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Parking hikes should go beyond Vancouver's West End: economist

Last Updated Aug 4, 2016 at 7:12 am PDT

(Photo credit: Dustin Godfrey for NEWS 1130)

Expert thinks increasing residential parking rates across Vancouver would be beneficial

Permit rates for people in the West End could soon jump from $80 to $600 a year

VANCOUVER (NEWS 1130) – Finding parking can be a nightmare when you drive into the City of Vancouver. So, a┬áretired SFU economics professor is arguing Vancouver shouldn’t stop at the West End as it looks to jack up residential permit prices to market levels.

Essentially, Vancouver’s streets are congested needlessly, in John Chant’s view. “Right now, there’s a strange situation in the West End, in that the streets are just clogged with parking, a lot of it in resident-only parking,” explains Chant. “At the same time, many of the apartments have [vacant parking spots].”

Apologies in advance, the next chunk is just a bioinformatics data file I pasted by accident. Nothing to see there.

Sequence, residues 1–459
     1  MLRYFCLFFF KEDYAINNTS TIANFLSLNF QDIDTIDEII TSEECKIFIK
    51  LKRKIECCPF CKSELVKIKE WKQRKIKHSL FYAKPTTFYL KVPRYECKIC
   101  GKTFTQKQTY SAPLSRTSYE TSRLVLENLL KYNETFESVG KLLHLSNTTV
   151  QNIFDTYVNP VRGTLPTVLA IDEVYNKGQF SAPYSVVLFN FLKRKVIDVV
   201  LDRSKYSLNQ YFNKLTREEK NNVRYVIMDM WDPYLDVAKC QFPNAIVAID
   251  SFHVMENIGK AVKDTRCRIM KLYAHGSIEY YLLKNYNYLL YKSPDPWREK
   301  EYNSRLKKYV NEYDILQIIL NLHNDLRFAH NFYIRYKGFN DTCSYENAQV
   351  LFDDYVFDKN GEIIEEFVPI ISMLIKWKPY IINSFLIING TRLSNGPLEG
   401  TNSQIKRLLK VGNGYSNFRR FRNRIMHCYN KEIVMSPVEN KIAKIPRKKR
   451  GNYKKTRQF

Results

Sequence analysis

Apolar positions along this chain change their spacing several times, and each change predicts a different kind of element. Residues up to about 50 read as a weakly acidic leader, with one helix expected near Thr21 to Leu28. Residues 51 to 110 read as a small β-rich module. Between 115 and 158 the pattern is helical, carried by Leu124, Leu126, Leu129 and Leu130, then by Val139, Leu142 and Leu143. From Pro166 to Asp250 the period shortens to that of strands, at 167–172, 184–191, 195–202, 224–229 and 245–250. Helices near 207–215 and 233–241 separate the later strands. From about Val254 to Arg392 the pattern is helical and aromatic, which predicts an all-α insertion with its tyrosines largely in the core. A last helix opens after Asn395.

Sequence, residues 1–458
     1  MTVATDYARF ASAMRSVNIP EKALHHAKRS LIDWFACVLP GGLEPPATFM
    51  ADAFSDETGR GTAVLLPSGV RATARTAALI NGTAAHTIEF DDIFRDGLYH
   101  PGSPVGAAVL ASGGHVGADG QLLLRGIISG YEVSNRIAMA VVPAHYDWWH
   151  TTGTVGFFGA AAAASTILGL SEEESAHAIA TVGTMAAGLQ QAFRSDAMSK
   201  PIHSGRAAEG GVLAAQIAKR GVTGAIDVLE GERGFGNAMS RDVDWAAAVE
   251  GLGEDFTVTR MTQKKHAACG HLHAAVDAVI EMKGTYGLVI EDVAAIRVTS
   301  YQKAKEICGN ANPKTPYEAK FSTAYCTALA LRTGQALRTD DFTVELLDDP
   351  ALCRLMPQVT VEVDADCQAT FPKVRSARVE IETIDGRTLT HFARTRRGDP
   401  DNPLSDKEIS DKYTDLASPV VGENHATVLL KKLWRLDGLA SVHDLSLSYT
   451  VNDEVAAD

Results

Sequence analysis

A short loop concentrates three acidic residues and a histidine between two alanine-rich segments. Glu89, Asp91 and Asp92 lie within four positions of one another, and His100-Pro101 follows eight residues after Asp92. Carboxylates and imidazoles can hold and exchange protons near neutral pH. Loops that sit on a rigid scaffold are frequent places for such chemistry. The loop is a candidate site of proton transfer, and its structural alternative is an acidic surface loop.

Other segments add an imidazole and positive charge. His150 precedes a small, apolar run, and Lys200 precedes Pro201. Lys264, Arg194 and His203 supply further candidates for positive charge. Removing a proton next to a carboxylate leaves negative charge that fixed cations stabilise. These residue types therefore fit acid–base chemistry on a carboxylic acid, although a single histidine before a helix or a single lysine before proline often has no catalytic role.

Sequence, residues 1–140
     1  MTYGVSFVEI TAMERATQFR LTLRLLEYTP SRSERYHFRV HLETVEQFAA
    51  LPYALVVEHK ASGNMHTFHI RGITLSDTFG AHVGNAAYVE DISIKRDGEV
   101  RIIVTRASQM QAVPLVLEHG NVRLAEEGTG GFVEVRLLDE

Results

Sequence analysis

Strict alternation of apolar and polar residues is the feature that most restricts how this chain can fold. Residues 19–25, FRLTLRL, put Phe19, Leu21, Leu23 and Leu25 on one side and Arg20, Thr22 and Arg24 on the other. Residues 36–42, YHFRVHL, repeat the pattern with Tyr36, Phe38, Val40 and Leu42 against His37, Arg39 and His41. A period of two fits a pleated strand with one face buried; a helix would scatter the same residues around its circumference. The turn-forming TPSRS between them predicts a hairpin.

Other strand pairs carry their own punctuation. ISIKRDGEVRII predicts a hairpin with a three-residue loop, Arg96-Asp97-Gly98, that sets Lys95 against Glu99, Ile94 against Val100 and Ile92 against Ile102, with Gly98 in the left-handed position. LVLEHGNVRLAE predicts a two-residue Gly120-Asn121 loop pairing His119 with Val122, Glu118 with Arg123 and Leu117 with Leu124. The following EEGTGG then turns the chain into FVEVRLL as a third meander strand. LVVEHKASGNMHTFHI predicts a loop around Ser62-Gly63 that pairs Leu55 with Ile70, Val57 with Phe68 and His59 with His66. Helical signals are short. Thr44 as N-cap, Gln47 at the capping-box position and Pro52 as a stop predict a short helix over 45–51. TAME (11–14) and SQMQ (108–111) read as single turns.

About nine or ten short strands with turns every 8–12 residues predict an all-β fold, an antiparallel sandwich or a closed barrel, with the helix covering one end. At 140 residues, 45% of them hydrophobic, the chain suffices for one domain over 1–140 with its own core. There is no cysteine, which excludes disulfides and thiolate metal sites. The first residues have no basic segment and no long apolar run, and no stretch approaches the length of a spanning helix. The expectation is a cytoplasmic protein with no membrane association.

You can’t blame people who get the permits — at $6 a month, it’s the logical thing to do — but Chant says that system downloads the parking cost away from developers and permit holders, and transfers it to the general public.

“With all the unused parking, developers, as you might expect, say, ‘Well, why do we have to provide all this parking in our buildings? They’re arguing the requirements for parking be reduced, but this does nothing to help the clogged streets in the West End, and in fact, will make it worse,” says Chant. “A parking fee allows developers and residents to weigh the costs of building new parking spaces in their buildings against the market price of the parking on the city streets.”

“In effect, the city has conspired with residents in the West End and encourages them to park on the street by giving them special parking privileges,” says Chant.

In his blog posting on the Fraser Institute’s website, Chant argues this problem is only getting worse with the addition of infill and laneway housing.

Those living in the West End have been told their parking permits may go from $80 a year to $600, under the West End Parking Strategy, which has yet to go to council. That move would also drop free two-hour parking areas and replace them with meters.